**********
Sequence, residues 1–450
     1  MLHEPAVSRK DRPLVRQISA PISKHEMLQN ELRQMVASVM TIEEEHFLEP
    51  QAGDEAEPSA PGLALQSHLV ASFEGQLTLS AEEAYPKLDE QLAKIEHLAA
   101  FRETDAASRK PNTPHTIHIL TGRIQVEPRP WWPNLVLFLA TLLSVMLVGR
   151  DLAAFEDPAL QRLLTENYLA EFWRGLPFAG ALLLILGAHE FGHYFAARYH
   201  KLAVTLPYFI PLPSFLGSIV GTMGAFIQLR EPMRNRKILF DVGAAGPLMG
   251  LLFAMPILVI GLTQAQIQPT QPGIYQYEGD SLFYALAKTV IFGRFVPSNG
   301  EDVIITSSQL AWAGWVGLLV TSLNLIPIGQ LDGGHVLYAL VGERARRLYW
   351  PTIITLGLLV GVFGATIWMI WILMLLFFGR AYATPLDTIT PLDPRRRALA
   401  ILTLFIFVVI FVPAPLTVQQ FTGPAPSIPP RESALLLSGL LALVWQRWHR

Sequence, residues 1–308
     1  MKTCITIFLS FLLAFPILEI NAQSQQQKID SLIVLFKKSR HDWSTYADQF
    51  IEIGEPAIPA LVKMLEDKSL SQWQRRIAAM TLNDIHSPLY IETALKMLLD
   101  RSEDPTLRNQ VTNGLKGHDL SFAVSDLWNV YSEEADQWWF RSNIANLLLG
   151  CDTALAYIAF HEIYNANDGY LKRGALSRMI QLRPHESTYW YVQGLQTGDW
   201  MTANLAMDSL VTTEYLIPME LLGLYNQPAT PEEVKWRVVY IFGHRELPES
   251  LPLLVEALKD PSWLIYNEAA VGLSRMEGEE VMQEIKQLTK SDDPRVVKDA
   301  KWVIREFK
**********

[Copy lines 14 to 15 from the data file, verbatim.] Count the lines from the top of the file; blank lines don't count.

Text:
   101  RSEDPTLRNQ VTNGLKGHDL SFAVSDLWNV YSEEADQWWF RSNIANLLLG
   151  CDTALAYIAF HEIYNANDGY LKRGALSRMI QLRPHESTYW YVQGLQTGDW